The Expenses of Necromancy

The Expenses of Necromancy Faust and the Devil, 1903

As I have previously remarked in these pages, I find myself out of sympathy with occultism and its rituals. There are too many fanciful flights of philosophical abstraction; too many hours spent out in the garage bottling sylphs; too little practical business. “Adept” is rather a misnomer when they don’t think to pick up a gallon of milk or a pizza on the way home from the Working. So I was amused to find a kindred spirit expounding on the expenses of necromancy, excerpted from a review of a book on the occult sciences.

 Skipping the rest of the White Magic, we may try good old Necromancy, evoking souls of the dead. Anybody can fulfil the conditions who has a little money at command for the purchase of the requisite instruments, and has occasionally the privilege of possessing his soul in solitude.”

A little money! Why it would cost thousands. First you take, if possible, the room in which the person to be evoked expired. Then you put up olive-wood shutters (which you must have specially made), and shut them.

Then you hang and carpet the whole room with tapestry of emerald green silk, which you must do yourself, with copper nails. You must collect the favourite bric-a-brac of the deceased in the room, or, if the family has disposed of that, a full-length portrait of him in the last suit he wore will suffice.

This must be veiled with white silk, fastened up with copper, and crowned with his favourite flowers, say primroses. Before this, erect an altar of white marble, with four columns terminating in bull’s feet. A copper five-pointed star must be emblazoned on the altar.

In the centre of the star, put a copper chafing-dish full of dry alder and laurel chips. Add a censer full of incense; the skin of a white and spotless ram must be stretched beneath the altar, with a polychrome pentagram. Erect a copper tripod, with a chafing-dish foil of olive wood.

Get a high candelabrum of bronze, with one pure wax-taper, which alone is lit when you come to business. Enclose altar and tripod with a magnetized iron chain—O shade of Bulwer Lytton !—and with garlands of myrtle, olive, and rose.

Facing the portrait on the east put a canopy, draped in emerald silk, and supported by two triangular columns of olive wood, plated with pure copper. At the foot of each column there must be a sphinx of white marble, with hollow heads for spices.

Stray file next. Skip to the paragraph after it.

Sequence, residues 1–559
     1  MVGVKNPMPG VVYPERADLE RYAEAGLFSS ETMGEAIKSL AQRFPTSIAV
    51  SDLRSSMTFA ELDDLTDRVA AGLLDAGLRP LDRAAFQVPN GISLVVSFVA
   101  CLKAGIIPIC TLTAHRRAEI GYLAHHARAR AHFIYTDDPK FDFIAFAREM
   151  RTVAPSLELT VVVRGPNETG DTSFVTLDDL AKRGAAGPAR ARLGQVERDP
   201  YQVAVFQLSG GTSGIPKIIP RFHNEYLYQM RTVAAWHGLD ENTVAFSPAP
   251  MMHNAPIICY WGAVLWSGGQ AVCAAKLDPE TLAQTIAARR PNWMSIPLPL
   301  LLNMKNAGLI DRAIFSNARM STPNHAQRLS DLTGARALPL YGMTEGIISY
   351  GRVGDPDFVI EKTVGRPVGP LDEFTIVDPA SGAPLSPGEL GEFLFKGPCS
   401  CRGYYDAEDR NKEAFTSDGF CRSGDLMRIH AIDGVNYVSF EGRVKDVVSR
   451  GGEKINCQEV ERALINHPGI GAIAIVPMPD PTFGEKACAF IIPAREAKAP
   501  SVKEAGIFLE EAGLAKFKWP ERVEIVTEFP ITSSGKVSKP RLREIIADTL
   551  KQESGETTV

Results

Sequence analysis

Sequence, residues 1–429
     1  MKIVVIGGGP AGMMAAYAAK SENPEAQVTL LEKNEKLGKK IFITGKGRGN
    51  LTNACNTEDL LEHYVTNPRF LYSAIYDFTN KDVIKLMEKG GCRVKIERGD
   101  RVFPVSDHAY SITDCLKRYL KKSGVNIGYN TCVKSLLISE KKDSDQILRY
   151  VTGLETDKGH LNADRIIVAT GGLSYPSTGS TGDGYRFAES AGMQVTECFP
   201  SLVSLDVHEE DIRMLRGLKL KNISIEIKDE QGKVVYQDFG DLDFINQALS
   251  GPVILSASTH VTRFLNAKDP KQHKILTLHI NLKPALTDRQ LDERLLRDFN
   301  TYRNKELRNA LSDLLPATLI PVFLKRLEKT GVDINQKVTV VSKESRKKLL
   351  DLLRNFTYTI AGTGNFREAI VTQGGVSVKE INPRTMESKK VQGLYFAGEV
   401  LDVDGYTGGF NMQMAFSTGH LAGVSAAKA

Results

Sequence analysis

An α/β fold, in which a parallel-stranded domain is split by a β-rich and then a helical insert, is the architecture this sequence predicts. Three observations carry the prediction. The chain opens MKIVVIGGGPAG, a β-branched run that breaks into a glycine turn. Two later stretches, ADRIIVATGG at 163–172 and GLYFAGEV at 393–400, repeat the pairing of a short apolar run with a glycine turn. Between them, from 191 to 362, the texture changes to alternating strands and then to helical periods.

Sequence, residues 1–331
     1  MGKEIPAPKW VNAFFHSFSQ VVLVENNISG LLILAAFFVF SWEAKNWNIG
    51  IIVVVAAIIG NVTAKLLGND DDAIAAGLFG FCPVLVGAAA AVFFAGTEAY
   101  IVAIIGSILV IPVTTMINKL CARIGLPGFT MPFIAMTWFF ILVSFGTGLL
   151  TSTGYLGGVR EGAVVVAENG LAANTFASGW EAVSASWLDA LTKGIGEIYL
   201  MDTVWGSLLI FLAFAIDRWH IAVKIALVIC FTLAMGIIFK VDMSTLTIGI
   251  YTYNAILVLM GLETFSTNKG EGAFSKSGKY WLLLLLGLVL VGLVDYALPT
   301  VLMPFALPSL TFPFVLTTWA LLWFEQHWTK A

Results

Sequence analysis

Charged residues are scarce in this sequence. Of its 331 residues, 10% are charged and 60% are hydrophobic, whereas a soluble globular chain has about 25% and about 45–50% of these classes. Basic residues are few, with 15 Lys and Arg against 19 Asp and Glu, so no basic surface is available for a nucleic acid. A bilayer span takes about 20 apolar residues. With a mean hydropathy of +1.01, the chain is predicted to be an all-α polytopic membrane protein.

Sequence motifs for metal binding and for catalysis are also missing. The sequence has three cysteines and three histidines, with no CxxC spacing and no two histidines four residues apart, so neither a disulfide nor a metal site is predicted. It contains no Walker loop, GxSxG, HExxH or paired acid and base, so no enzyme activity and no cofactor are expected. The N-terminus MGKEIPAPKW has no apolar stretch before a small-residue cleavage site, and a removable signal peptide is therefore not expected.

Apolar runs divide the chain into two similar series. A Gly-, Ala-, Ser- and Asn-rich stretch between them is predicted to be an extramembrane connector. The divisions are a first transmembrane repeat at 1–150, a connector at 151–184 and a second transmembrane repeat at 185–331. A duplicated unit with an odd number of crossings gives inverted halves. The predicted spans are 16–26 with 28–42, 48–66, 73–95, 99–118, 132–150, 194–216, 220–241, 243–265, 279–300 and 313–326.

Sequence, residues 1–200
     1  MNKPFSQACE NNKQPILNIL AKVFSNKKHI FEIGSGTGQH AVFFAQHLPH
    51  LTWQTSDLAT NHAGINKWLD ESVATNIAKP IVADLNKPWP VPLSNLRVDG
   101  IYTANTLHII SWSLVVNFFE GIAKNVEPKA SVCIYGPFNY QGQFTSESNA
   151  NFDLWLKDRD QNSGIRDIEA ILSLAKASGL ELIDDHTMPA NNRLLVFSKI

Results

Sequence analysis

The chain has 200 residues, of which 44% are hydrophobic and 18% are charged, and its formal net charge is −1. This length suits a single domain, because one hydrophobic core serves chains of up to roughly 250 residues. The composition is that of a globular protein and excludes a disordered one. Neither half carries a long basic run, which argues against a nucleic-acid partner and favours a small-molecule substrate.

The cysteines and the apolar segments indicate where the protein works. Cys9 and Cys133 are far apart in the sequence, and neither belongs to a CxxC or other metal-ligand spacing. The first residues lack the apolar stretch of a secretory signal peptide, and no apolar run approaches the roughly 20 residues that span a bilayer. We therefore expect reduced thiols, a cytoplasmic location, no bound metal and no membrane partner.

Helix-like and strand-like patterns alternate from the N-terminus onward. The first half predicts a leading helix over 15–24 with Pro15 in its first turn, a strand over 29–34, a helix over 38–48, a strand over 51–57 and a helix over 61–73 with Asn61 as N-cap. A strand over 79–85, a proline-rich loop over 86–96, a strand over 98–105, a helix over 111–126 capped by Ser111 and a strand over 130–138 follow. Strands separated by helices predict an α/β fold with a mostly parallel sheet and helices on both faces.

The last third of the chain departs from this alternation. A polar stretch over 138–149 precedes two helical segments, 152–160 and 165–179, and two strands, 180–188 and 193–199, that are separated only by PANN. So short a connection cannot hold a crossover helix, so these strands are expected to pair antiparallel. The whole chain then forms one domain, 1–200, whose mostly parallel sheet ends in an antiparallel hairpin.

The apparition will come off under the canopy. You must wear a vestment of azure, fastened with copper clasps, and one emerald. Crown yourself with a tiara of twelve emeralds and a wreath of violets. A copper ring with a turquoise must be worn.

You must wear blue slippers, and carry a swan’s-feather fan. A slight refection of bread and wine must be provided. There is a good deal of incense-burning, and prayers after the religion of the defunct—say, those of the U. P. Kirk—must be pronounced.

Then the spirit will appear; but it won’t tell you what to back for the Derby, nor discover buried treasures; nor, in fact, come to practical business.

This does not appear wholly a frugal kind of ceremony. Let us put it in the form of an account:—

 

It comes to a good deal of money, but a really fine portrait by an eminent artist should not be grudged, and we have stated the emeralds rather low. The authority for all this is a recent French writer, P. Christian, Histoire de la Magie, Paris, 1871, 8vol.  By the way, sometimes three attempts at intervals of a year are necessary for success, but many of the properties will keep.

“It must be clear from the above ceremonial that there is nothing repellent to the most cultivated spiritual sense in the rites of lawful necromancy.” No, they are rather tasteful than otherwise. But we do not think they meet the demands of a democratic age. Many will prefer the common table, and Medium, at a guinea. Without this expensive upholstery, modem Spiritualism guarantees to us results phenomenally tremendous, when the Medium is not tied up in a bag. The Medium “is a noble animal,” but, if closely watched, “he will not do so.”

The Saturday Review 6 February 1892: pp. 157-59

The excerpt above is from a review of The Occult Sciences by Arthur Edward Waite.  I’ve left off a good bit of the actual review of Mr Waite’s book. Some sample savagings:

“The so-called Occult Sciences contain some empirical directions, lost in the densest and dullest fog of foolish verbiage.”

“Far from being an entertaining book.”

“Is a farrago of words by so-called adepts a philosophy?”

“Why was this book written and published?”

Waite was not a man to be deterred by one small-minded critic. He went on to write many, many, many books on esoteric subjects. And to co-invent the Rider-Waite Tarot Deck. Did he practice what he preached and splurge on emeralds and a really fine portrait? Or, like the eponymous heroine of “Mrs Packletide’s Tiger,” by Saki, did he give up on luring the dead on the grounds that “The incidental expenses are so heavy.”?

 

 

Chris Woodyard is the author of The Victorian Book of the Dead, The Ghost Wore Black, The Headless Horror, The Face in the Window, and the 7-volume Haunted Ohio series. She is also the chronicler of the adventures of that amiable murderess Mrs Daffodil in A Spot of Bother: Four Macabre Tales. The books are available in paperback and for Kindle. Indexes and fact sheets for all of these books may be found by searching hauntedohiobooks.com. Join her on FB at Haunted Ohio by Chris Woodyard or The Victorian Book of the Dead.

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